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St. Louis-based KASCO agreed to settle a Muslim employee's discrimination suit.
A St. Louis company has agreed to pay $110,000 to settle a lawsuit brought by a Muslim employee who says she was mocked and eventually fired because of her religion.
The worker, Latifa Sidiqi, was a buyer for KASCO, which makes blades for meat grinders, knives and other butcher supplies. The company has locations in Germany, Canada, the United Kingdom and Mexico. Its corporate offices are in St. Louis' Botanical Heights neighborhood.
Sidiqi alleges that her KASCO supervisors started giving her trouble after she began wearing a hijab to work in 2012. The company's chief financial officer thought it was funny to act like he was suddenly scared of her, even joking that they should check a package she brought in to make sure it didn't explode, according to the suit.
Sidiqi claims another supervisor wrote her up for bogus rules violations and hassled her after she took off time to care for her sick father in Afghanistan, the suit alleges. But when Sidiqi filed a complaint with human resources, she says the supervisor retaliated by poring over her time sheets and manufacturing allegations.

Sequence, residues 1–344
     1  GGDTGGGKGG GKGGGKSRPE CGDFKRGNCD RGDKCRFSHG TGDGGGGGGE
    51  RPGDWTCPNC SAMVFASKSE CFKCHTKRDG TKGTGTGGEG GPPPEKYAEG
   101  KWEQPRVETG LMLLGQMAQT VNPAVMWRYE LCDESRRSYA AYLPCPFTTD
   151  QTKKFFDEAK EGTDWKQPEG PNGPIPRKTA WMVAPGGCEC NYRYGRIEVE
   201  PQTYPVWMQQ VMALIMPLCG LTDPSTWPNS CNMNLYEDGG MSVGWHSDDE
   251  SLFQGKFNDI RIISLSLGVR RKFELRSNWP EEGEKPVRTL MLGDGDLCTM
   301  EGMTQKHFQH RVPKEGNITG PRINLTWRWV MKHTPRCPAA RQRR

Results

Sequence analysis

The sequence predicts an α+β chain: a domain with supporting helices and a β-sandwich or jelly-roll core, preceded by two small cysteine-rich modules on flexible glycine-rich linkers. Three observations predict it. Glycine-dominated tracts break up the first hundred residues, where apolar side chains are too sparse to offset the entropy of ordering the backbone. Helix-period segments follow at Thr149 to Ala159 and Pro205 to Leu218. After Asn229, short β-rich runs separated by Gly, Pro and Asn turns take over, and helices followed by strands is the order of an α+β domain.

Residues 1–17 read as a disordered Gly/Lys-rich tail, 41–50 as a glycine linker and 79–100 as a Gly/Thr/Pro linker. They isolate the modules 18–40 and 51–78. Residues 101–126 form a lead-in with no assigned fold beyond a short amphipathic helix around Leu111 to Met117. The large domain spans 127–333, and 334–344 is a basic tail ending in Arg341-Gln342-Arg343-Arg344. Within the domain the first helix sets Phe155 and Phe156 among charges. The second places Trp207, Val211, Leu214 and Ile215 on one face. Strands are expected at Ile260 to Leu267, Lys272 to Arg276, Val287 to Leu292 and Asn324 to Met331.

Sidiqi was fired in July 2013. The federal Equal Employment Opportunity Commission sued KASCO in 2016 on her behalf, alleging discrimination and retaliation.
As part of the settlement announced today, KASCO will pay Sidiqi $70,000 for lost wages and $40,000 in damages. KASCO, which denied all the allegations in the suit and doesn't admit any wrongdoing in the settlement, has also agreed to train staff, implement new policies against discrimination and send semi-annual reports to the employment commission for the next three years.
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